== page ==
Ali Ben Rashid was born in Gherzoim, a nearby village, c. 1440 (844 AH). He went to Emirate of Granada in 1460 and distinguished himself in battle against Christian forces. He settled in Chefchaouen c. 1465 and, due to his experience as a warrior, was chosen as successor to his cousin ibn Abi Jum'ah and leader of the mujahideen in the northwest of Morocco. He fought alongside the emir of Tétouan, Ali al-Mandri, who married his daughter, the Mujahida Aisha al-Hurra. The latter, known by her title, Sayyida al-Hurra, ruled Chefchaouen through a rapid period of growth and development.[6][7][additional citation(s) needed]

Pressures of the Reconquista and the fall of Granada in 1492 led many of its people to immigrate to Morocco over several centuries. The last Moriscos (descendants of Muslims) were expelled from Spain by Philip III in 1609. Some of these refugees chose to settle in the large cities of Fes, Marrakesh, Tlemcen, Tunis, and Kairouan, while others settled in the jihadist fortress of Chefchaouen, which was in a fierce war against Portuguese armies. They established their quarters on the rugged slopes of the mountains and built their own residential quarters in the Andalusi architectural style, very similar to the traditional quarters of Granada. In a few decades, the fortress of Chefchaouen turned into a prosperous new city, in which the Andalusi-Granadan culture merged with the culture of the Ghomaras. The urban expansion included military fortifications such as walls with about ten gates and the construction of several mosques including the Great Mosque.[6][7][8] The Andalusi community that settled in the city also included several well-known poets and philosophers.[6][additional citation(s) needed]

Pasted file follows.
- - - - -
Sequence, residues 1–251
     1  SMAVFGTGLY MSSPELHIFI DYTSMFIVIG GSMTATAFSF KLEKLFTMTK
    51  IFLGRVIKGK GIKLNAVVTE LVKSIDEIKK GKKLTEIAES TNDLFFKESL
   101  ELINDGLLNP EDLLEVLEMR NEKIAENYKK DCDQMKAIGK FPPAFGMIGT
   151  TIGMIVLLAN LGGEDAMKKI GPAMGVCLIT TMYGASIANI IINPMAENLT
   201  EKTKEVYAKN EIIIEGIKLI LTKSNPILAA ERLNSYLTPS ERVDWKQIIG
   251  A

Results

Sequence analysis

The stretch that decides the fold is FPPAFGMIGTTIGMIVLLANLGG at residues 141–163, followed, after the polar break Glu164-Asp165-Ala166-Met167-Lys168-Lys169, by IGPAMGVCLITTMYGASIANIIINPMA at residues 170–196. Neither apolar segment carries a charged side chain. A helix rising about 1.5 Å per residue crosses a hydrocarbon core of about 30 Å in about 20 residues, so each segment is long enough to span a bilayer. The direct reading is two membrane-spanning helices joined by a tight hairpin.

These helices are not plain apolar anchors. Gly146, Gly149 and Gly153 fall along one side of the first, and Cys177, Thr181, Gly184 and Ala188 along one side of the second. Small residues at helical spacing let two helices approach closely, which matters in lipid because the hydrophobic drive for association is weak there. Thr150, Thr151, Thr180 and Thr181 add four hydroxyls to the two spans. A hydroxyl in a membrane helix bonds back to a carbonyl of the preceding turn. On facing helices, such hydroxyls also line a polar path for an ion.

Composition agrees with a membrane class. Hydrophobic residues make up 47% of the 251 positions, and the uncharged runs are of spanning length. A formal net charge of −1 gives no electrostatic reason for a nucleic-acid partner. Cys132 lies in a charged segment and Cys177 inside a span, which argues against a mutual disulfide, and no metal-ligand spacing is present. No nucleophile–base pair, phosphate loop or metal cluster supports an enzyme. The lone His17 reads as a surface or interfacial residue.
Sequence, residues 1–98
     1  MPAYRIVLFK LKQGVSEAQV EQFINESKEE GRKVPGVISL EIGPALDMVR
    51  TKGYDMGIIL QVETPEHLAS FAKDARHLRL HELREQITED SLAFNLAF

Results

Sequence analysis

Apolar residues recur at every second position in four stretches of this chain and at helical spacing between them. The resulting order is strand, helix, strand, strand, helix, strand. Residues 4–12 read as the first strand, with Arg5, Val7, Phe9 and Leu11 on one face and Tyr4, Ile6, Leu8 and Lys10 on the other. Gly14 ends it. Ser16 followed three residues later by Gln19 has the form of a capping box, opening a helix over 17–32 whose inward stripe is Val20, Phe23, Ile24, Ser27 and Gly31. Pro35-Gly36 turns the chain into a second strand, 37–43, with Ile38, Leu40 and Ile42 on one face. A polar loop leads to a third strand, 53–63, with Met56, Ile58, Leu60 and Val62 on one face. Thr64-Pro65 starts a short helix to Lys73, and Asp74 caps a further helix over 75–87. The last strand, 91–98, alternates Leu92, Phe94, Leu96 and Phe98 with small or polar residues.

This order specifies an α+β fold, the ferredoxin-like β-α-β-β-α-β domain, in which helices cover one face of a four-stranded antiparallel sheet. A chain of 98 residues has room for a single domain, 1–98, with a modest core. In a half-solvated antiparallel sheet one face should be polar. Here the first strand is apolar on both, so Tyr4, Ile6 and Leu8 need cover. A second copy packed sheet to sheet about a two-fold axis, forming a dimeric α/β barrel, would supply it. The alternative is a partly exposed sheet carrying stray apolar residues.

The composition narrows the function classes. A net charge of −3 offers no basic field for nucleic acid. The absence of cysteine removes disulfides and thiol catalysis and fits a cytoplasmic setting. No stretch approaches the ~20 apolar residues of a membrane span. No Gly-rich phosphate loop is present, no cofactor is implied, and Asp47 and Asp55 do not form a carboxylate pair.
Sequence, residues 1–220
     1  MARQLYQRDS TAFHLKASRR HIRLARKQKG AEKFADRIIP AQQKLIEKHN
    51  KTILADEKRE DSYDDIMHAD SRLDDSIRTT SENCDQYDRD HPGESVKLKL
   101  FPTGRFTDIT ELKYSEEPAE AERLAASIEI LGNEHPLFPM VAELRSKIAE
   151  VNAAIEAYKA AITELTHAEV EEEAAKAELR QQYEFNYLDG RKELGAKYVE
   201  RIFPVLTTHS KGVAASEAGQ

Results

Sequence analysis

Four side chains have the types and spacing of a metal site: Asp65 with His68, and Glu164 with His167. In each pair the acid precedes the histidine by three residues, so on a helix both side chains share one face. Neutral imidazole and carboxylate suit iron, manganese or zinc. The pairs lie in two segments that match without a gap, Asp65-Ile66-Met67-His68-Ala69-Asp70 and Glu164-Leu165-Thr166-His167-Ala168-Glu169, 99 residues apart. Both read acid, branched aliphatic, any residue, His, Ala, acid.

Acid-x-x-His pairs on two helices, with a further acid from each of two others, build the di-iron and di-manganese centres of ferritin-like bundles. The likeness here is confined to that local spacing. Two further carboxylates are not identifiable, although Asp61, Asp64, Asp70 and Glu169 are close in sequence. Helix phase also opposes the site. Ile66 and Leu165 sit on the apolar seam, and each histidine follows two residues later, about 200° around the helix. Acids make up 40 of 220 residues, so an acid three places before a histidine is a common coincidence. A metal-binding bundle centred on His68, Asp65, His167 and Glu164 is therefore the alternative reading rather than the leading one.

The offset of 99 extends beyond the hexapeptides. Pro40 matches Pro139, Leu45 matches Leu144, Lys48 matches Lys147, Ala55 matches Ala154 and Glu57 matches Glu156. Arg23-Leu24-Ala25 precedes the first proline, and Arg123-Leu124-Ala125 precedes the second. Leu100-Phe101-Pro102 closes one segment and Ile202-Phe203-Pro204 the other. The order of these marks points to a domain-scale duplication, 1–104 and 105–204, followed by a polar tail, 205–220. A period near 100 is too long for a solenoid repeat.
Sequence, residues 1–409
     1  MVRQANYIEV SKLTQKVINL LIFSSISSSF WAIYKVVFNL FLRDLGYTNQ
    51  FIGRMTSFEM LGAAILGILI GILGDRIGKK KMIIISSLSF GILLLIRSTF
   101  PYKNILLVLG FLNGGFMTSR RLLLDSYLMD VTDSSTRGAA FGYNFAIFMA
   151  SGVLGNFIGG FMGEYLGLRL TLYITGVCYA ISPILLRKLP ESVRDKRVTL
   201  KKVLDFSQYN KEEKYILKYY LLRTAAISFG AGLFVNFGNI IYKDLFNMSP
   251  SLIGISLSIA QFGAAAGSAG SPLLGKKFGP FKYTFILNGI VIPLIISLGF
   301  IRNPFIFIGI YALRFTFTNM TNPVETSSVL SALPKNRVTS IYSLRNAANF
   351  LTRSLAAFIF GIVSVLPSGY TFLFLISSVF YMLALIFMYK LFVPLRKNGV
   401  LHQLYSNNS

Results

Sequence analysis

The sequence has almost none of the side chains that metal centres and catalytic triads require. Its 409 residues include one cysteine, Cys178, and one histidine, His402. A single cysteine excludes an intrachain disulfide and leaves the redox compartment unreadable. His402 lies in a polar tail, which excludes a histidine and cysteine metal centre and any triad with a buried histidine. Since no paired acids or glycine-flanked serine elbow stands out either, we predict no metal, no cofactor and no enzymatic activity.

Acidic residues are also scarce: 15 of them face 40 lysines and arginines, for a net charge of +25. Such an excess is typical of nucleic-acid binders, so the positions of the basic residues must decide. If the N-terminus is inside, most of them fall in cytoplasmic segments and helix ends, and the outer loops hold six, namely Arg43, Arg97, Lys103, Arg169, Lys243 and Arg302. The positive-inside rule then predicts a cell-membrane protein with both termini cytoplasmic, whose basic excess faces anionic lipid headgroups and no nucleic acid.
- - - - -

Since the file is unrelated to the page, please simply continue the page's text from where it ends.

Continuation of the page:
In October 1920, General Dámaso Berenguer occupied the city for the Spanish protectorate in Morocco.[9] Following the Spanish retreat from the city [es],[9] Chefchaouen was part of the Republic of the Rif led by Abd el-Krim from 1924 to 1926.[10] In September 1925, in the middle of the Rif War, a rogue squadron of American volunteer pilots, the Lafayette Escadrille, bombarded civilians in the city.[11] Colonel Charles Sweeny had proposed the idea to French Prime Minister Paul Painlevé, who "warmly welcomed the Colonel's request."[12] After el-Krim was defeated with the help of the French, he was deported to Réunion. The Spanish Army retook the city in 1926.[9]